Staff Interview: Yumiko INAMI (Accounting and Labor Affairs)

[Original by Yui SHOJI, 2020 Public Relations Intern (October 21, 2020); Translated by J. Tsuchiya/A. Taguchi]

Hello, I am Shoji, a 2020 Public Relations (PR) Intern. This time, I interviewed Ms. Inami who is in charge of Accounting and Labor Affairs. She has worked in JVC for about 30 years. She talked about some surprising stories from JVC’s history like how there used to be staff members who took their children to the JVC office to work. In addition, her memories of Vietnam still influence her current life. Please stay with us!

30 years ago, why did you start working for JVC?

We laughed a lot during the interview. Ms. Inami (upper left), Shoji (upper right), and Kanaoka (bottom).

I suppose JVC and I were linked by fate. A friend of my boyfriend (now my husband) happened to sit next to a JVC staff for the Ethiopia project while in an airplane. Since my boyfriend was interested in international cooperation, this friend introduced JVC to him. The following week after his friend gave him an introduction, my boyfriend took me to JVC’s office. There were many volunteers around my age and the atmosphere was just like having group activities in the university.

How was JVC at that time?

I found JVC very innovative. Many people in my generation used to think that it was natural to stop working if you get married. Amid such a general atmosphere, however, not only single women but also mothers worked actively for JVC at that time. Currently, working mothers can enjoy a relatively more equal treatment between men and women and support systems such as day-care centers where they can leave their children while they work. But 30 years ago, women couldn’t. If a woman wanted to continue working, she had to work incredibly hard.

What surprised me most when I visited the JVC office (it was located in Yushima at that time) was that there was a baby bed behind a desk. The size of the office was very small, about less than half of its current size. I was amazed to see everyone at JVC working, nurturing, and babysitting at the same time because both the accounting assistant and public relations staff had newborn babies. Nowadays, you may watch TV programs featuring companies that accommodate day-care rooms to let mothers take their children with them. But JVC has been like that since those days. It may be because JVC did not have a developed payroll system yet at that time. Another reason may be that JVC was originally established in Thailand where people believe that everybody helps raise others’ children. I was impressed by the fact that the JVC office had that kind of environment.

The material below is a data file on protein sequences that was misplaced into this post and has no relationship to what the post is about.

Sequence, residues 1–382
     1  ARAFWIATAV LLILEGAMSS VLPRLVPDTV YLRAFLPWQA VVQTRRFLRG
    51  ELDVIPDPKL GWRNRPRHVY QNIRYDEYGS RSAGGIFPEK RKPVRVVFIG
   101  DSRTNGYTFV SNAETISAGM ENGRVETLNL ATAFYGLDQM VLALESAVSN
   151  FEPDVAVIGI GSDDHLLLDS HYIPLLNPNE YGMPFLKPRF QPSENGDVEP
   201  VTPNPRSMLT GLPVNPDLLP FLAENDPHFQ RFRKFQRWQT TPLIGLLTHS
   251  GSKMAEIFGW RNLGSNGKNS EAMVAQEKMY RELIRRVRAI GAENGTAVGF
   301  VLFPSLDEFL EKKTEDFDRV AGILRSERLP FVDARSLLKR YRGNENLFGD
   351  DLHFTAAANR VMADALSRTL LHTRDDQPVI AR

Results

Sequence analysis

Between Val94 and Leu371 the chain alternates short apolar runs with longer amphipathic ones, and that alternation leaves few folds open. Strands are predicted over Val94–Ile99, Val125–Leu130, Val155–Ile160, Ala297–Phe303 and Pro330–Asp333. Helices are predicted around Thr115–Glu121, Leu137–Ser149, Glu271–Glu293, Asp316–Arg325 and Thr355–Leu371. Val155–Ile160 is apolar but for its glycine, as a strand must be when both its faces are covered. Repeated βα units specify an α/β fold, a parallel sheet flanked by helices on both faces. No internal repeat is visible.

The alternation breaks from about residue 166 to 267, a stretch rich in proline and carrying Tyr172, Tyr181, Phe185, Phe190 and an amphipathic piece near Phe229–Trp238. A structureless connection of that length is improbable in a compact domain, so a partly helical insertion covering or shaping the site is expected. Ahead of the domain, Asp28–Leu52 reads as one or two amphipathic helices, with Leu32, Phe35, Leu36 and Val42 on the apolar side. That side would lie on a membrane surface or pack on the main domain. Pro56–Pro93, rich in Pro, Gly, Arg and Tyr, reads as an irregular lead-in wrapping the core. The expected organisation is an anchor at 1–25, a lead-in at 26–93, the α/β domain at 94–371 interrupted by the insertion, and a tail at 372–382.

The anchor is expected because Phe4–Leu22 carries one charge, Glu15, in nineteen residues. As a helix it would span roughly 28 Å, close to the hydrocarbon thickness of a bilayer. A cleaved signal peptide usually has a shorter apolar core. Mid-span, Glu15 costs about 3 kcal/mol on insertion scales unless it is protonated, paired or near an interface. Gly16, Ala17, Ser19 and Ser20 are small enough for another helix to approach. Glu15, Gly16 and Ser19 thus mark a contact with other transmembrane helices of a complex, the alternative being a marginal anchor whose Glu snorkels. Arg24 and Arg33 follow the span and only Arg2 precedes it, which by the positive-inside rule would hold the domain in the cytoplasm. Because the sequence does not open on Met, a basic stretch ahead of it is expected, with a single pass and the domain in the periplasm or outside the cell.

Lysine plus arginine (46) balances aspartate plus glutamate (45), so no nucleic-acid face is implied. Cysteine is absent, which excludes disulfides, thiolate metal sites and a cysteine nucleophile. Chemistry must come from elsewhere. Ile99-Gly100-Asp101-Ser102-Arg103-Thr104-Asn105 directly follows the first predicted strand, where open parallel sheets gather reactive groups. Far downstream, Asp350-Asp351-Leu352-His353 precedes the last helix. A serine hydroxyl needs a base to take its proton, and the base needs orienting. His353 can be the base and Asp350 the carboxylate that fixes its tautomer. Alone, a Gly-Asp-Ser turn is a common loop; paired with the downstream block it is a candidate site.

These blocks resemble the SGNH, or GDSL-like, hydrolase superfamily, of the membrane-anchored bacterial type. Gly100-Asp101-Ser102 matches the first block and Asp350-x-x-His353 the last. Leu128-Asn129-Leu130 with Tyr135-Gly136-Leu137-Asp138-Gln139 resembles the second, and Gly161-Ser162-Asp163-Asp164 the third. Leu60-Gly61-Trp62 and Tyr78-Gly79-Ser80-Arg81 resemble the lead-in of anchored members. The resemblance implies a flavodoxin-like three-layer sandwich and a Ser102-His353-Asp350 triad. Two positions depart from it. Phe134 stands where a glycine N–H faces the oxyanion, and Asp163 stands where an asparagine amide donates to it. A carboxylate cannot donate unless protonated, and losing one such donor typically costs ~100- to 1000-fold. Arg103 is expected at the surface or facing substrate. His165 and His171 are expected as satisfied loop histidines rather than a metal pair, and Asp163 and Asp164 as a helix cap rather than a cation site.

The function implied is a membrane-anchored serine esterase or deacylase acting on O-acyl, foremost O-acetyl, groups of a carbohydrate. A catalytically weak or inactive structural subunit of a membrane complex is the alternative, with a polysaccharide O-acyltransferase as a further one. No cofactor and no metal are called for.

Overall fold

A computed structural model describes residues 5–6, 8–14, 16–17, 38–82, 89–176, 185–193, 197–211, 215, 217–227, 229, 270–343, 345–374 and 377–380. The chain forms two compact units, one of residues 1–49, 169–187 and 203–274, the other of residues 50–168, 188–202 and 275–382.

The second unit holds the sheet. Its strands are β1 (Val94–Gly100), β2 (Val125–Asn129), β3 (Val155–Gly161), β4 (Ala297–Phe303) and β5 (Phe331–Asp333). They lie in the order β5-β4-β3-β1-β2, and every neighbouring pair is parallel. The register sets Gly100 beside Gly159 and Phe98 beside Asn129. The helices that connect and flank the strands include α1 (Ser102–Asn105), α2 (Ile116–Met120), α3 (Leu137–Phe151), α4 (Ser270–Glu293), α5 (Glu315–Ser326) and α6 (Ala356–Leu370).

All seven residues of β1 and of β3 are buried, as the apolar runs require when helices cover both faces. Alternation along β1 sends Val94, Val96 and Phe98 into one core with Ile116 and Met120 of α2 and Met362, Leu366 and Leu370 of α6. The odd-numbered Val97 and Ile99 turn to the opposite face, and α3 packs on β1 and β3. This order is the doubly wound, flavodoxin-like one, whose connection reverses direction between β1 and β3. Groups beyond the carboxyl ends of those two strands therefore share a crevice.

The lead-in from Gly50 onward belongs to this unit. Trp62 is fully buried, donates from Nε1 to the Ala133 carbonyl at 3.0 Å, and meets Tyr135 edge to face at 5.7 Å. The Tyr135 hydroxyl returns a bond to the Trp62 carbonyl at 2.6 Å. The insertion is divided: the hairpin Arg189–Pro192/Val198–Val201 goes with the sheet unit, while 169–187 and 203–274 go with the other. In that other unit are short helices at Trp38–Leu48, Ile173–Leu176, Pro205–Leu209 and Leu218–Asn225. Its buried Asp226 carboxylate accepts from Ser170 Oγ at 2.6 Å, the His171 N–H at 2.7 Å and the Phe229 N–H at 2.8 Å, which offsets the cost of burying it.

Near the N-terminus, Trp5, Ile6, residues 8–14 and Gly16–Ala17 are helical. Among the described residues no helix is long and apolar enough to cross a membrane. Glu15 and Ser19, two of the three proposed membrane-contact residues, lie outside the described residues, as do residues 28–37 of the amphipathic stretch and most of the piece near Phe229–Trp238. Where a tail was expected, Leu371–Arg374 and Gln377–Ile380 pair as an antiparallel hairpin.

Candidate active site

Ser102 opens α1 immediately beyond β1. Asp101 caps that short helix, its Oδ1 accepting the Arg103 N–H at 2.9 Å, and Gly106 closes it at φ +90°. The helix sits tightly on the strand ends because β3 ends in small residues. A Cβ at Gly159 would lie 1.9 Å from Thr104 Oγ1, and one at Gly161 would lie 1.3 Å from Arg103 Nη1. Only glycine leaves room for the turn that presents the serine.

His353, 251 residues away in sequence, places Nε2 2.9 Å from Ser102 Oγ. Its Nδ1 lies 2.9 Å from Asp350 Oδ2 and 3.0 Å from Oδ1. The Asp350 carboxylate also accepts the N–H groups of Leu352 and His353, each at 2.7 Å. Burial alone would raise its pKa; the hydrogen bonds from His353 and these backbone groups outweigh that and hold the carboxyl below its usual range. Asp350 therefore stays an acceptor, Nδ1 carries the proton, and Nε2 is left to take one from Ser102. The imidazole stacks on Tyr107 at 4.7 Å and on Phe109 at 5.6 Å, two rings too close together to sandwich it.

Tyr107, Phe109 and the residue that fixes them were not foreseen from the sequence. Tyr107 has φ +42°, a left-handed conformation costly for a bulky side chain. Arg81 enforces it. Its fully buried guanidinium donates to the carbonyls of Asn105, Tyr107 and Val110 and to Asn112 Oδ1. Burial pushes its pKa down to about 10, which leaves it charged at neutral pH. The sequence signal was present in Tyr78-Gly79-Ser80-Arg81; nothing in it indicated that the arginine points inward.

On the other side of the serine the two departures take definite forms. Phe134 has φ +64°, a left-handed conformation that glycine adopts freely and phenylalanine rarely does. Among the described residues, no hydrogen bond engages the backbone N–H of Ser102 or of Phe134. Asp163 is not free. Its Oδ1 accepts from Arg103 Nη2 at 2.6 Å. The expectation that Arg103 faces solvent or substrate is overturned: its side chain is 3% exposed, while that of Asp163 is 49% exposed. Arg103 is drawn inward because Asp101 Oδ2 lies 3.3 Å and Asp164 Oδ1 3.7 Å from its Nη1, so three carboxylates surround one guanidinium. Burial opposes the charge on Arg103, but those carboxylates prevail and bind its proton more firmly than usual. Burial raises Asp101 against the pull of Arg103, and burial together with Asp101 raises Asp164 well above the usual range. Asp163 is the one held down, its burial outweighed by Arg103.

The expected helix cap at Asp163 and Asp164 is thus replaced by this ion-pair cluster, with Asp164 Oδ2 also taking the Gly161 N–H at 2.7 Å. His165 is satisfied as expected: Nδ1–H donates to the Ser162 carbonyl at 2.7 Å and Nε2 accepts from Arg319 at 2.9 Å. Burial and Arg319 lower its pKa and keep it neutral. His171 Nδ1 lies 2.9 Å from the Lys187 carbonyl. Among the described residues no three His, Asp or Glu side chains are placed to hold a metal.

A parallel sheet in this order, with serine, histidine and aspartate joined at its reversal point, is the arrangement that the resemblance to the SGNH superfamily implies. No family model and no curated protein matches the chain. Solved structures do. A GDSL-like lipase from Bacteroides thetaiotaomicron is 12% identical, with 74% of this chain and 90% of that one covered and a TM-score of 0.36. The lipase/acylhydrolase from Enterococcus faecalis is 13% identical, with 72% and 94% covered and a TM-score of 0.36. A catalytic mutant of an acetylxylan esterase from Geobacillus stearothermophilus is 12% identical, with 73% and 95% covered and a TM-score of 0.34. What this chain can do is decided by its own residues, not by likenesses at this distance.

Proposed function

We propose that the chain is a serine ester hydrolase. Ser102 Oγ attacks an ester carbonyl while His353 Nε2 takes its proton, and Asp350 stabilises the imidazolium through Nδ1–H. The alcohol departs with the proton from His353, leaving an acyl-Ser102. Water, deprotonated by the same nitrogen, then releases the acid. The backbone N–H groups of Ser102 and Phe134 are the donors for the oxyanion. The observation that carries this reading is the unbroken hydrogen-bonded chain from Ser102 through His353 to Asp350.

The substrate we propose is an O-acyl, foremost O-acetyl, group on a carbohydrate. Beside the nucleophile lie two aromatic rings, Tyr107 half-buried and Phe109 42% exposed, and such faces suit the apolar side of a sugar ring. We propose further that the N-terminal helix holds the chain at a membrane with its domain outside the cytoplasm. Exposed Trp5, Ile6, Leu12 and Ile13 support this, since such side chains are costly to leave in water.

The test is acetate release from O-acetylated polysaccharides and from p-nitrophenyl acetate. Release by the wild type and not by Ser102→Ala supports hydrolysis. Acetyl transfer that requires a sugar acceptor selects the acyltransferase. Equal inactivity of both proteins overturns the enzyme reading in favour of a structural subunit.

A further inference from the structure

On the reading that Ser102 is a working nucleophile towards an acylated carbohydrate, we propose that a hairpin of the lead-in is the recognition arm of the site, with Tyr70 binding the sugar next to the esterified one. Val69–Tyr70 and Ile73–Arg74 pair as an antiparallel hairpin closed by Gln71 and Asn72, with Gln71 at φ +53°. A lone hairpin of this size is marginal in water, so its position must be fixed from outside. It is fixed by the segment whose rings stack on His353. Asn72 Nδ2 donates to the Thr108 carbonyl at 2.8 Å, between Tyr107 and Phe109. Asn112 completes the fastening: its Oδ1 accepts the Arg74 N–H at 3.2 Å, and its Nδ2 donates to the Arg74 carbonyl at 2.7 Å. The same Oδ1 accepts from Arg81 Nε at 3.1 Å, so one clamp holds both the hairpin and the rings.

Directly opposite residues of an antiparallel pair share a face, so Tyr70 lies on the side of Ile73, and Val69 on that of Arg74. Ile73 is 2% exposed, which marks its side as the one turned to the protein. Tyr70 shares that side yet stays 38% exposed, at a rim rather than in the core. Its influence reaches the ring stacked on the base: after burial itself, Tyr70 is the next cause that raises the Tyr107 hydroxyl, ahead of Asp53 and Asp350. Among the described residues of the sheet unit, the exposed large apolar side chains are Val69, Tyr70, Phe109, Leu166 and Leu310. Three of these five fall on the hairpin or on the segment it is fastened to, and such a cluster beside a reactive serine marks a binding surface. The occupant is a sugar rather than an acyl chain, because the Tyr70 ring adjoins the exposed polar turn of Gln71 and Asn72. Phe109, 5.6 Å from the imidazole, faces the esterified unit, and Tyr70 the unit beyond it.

Please let us know why you started to work as a Vietnam Officer after you entered JVC as a volunteer for the Ethiopian Team.

Ms. Inami was distributing watermelon to the students in a Braille class under the umbrella of Hai Phong City Association for the Blind. At that time, JVC supported mainly vocational training schools for repatriated refugees, but it also provided support to schools for hearing impaired children and blind children.

It just happened. When JVC started its activity in Vietnam, my boyfriend, a very energetic guy, was asked to work there. He started working during the fall of his last year in university. Eventually, I decided to go there as well, and we ended up getting married.

Wow, unbelievable… Sounds like it’s better to get married to go there together rather than having a long-distance relationship, right?

Well, in addition to that, it was very difficult to get a visa to Vietnam at that time. Vietnam did not welcome single men from other countries. We received a positive response, probably because a couple was regarded as safer or reliable. I might not have gone to a conflict region, but I decided to go to Vietnam because we could easily get a job as a family. I was 23 years old. We lived in Hai Phong City, a four to five-hour drive from Hanoi (now it takes only an hour via highway). We were the only Japanese who lived there after three decades.

Do you have any memorable experiences you can share with us when you were in Vietnam?

Yes, there were so many interesting experiences. One of them was that I couldn’t go anywhere without permission. At that time, I was sometimes followed by the security police. There were only a few Japanese in the city, so we were easily noticed. We have a skeletal frame different from the Vietnamese, so we drew the attention of everybody, not only of the police. I was sometimes talked about behind my back just because I was wearing a long skirt. Thanks to this experience, I don’t feel inconvenienced even if I can’t go out during the COVID-19 pandemic.

She was invited to a party to appreciate the harvest moon at the School for Hearing Impaired Children in Hai Phong City. Children always looked forward to taking part in it. Behind her are teachers wearing white shirts.

Vietnamese women didn’t wear skirts?

At the opening ceremony of an automotive technical school in Bach Dang that JVC supported. Ms. Inami (center) was with students in a dressmaking class. The school building was still under construction. The girls wore ao dai, a traditional costume of Vietnam.